Off at last! Dogs in their crates, half what I own in the car, and only a half hour late. That is, before spending the next hour searching for a Starbucks, without whose cappucino Pat can not start the day. I managed to pass the Bay Bridge without finding myself headed for San Francisco, and all went well until time to turn off of 101 and head down the Russian River for the coast.
It seems Hwy 116 does not intersect Hwy 101 the way it shows on my California map, and I drove up and down the road for many miles before getting a Sonoma County map and finding that I needed to connect via several other roads. Oh well, we were now only some 2 hours behind schedule, but no sweat, right? All my reservations are confirmed with my VISA.
So we got onto the coast road at last, and after passing several spots showing landslide damage, reached a spot where Hwy 1 was closed and all traffic had to detour. I was upset at first, but it was a truly lovely detour! It wound up into the hills, through gorgeous country with extremely picturesque snaggly wooden fences lining the road, and occasional glimpses of an infinity of blue sea. I'd show you the scraggly fences, but I find that digital cameras, at least this Casio QV30, are definitely not a replacement for a real camera. It is very hard to compose a picture outdoors, because you can barely see anything on the viewscreen with the high ambient light. The digital camera does not reproduce greens worth a @*!, and the resolution is not sufficient to show fine detail. Not to mention, you can not expose a backlit scene properly, nor a scene where the sky is much brighter than the landscape; and its "telephoto lens" is a joke compared to a real telephoto. I used my real camera for the real picture taking and then just snapped pics with the digital for the web. You want to see really pretty, you have to wait until I get the real pics back and scan them. In its defense, the digital does a nice job indoors in low light conditions.
Well, back to the trip. After we got back on Hwy 1, we saw the most fantastic house!! This little photo does not do it justice... hopefully the real pics will... but the house was a huge sculpture of a place, with a fantastic metal web springing from its peak. Wow, what a sight. I can't even imagine what it must be like living there, or having enough money to pay no attention whatsoever to practicalities.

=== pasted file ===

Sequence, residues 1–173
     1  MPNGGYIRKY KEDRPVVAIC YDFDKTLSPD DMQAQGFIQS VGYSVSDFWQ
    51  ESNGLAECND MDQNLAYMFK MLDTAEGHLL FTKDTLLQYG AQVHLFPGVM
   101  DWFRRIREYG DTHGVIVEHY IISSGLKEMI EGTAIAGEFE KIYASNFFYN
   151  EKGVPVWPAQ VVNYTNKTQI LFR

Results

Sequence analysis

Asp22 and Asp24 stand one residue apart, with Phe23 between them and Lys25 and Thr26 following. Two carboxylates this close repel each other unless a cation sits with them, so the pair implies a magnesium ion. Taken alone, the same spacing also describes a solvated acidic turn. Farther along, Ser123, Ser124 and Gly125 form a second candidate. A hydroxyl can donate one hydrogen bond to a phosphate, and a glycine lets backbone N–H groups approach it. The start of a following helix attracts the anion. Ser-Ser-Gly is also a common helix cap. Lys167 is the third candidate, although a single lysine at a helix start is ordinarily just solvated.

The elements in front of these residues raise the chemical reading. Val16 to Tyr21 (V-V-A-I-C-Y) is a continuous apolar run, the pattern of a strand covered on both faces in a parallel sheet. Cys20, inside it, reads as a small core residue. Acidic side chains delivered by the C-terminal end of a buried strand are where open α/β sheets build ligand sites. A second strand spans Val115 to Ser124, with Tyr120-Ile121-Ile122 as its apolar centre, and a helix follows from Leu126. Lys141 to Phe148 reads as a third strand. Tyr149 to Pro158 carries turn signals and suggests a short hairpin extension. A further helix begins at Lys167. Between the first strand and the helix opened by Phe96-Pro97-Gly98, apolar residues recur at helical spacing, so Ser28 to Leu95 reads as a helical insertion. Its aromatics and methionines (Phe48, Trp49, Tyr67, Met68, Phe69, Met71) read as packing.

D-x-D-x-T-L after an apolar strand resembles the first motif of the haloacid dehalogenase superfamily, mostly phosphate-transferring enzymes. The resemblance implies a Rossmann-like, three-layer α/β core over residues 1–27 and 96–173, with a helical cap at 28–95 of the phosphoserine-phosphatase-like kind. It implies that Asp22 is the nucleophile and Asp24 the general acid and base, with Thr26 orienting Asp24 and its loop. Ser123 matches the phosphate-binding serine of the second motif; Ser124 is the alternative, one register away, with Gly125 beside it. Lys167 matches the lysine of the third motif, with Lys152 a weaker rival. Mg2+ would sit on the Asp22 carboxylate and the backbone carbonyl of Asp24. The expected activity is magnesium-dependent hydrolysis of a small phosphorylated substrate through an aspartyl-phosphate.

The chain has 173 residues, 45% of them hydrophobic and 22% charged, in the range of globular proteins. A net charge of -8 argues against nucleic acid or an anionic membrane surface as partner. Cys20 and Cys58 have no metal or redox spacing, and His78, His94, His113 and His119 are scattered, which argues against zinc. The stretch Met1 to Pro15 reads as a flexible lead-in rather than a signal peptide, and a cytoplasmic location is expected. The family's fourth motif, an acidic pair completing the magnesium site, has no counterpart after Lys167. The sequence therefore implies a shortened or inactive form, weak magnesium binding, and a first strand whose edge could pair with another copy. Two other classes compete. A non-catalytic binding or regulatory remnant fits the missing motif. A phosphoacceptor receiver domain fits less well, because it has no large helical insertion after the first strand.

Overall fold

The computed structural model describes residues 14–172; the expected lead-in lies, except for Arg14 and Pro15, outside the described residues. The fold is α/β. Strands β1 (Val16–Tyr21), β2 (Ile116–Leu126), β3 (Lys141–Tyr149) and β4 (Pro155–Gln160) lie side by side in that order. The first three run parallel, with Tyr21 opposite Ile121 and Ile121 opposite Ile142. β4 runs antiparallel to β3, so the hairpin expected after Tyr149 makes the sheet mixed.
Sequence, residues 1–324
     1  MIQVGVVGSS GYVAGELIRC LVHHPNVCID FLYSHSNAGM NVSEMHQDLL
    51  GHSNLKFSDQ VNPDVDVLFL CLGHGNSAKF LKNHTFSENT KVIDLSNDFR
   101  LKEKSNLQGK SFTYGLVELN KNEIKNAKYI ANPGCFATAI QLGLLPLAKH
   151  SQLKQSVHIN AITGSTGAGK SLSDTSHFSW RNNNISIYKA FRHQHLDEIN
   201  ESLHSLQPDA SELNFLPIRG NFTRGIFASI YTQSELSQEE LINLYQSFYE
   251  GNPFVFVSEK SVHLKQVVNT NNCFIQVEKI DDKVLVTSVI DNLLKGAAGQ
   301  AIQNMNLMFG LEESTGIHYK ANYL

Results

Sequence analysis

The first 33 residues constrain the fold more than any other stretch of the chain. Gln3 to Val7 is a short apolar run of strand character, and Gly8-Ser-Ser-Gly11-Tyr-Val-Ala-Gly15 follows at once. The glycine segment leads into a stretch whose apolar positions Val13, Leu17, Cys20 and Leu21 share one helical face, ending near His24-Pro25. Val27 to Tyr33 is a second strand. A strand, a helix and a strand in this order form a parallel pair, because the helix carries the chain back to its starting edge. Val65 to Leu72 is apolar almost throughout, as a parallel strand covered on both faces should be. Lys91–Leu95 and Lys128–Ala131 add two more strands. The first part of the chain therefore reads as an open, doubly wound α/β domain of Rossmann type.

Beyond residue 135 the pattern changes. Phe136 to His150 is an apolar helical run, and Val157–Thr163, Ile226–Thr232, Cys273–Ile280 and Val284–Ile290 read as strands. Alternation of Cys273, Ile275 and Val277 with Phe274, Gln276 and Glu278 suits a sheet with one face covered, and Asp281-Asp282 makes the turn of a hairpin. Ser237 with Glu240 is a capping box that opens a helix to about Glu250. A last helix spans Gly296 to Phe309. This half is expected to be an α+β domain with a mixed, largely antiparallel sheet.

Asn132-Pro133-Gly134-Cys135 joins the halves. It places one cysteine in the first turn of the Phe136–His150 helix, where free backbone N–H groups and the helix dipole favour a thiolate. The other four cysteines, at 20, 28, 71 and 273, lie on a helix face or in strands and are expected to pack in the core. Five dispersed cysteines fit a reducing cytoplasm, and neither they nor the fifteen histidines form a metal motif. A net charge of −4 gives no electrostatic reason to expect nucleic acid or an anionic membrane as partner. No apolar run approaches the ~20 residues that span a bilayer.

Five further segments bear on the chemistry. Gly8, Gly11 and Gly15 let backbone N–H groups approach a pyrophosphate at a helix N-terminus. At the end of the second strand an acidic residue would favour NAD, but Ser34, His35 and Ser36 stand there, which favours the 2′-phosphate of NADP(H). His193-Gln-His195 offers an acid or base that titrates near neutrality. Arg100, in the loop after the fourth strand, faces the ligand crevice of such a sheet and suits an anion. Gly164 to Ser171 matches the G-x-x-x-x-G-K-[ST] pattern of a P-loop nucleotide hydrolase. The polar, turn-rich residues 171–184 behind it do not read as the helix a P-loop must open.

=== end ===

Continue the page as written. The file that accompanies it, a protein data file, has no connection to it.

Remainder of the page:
It's a lovely time of year to be on the Mendocino Coast, as the wildflowers are in bloom. Pat picked a few wild iris and California poppies to grace the dashboard vase... (What? You mean your dashboard does not have a flower vase? Philistines....)
We finally arrived at the Elk Guest House at almost 6 PM, tired and really ready to stop. Rapped on the door of the main house to get the key... and were met with shocked incomprehension. You say you have a reservation? What reservation? Arrrgghh! Fortunately however it was vacant, although they had promised it to someone who had called an hour earlier. We got to move in, and when they arrived 10 minutes later, they got to stay that night in a little dumpy accomodation not half so nice. The Gardener's Cottage is indeed very nice! It's a whole 2-bedroom house with complete kitchen and all the appurtenances including a piano, and a huge deck overlooking the ocean in back and a lovely garden in front. Lots of glass and fantastic views, miles from the nearest town -- a real charmer of a place.
Now the nasty of the day. While unloading the van at Elk Guest House, I noticed that the fates have picked this time, when I am off on a trip with all sorts of valuables loaded in the van, for the lock on the tailgate to decide it needn't bother locking any more. ARRRGGHH! This is not the time for such shenanigans!!
Tomorrow... the redwoods in the morning and the Oregon coast in the afternoon.
'Tis the morning, and Elk Guest House is revealed to have a few little deficiencies along with its utter charm and stunning view. Namely, my bed was not a real bed but a cotton futon up on a platform! Now some would undoubtedly find this delightful, but I found it hard!
Also, since is it a tiny operation it has no way to assign phone charges to the rooms, so therefore the phone is set to not allow long distance calls except via calling card... and my dialup software does not speak calling card. So the world will have to wait for tomorrow night, when we stay in a citified hotel in Eugene, to see our Mendocino Coast day.
Pat, however, found it utterly civilized as the kitchen was stocked with real coffee beans and a grinder! While I type this she is beatifically drinking coffee with bread and jam she bought at a Farmer's Market (delicious!) while looking out over the calm morning sea.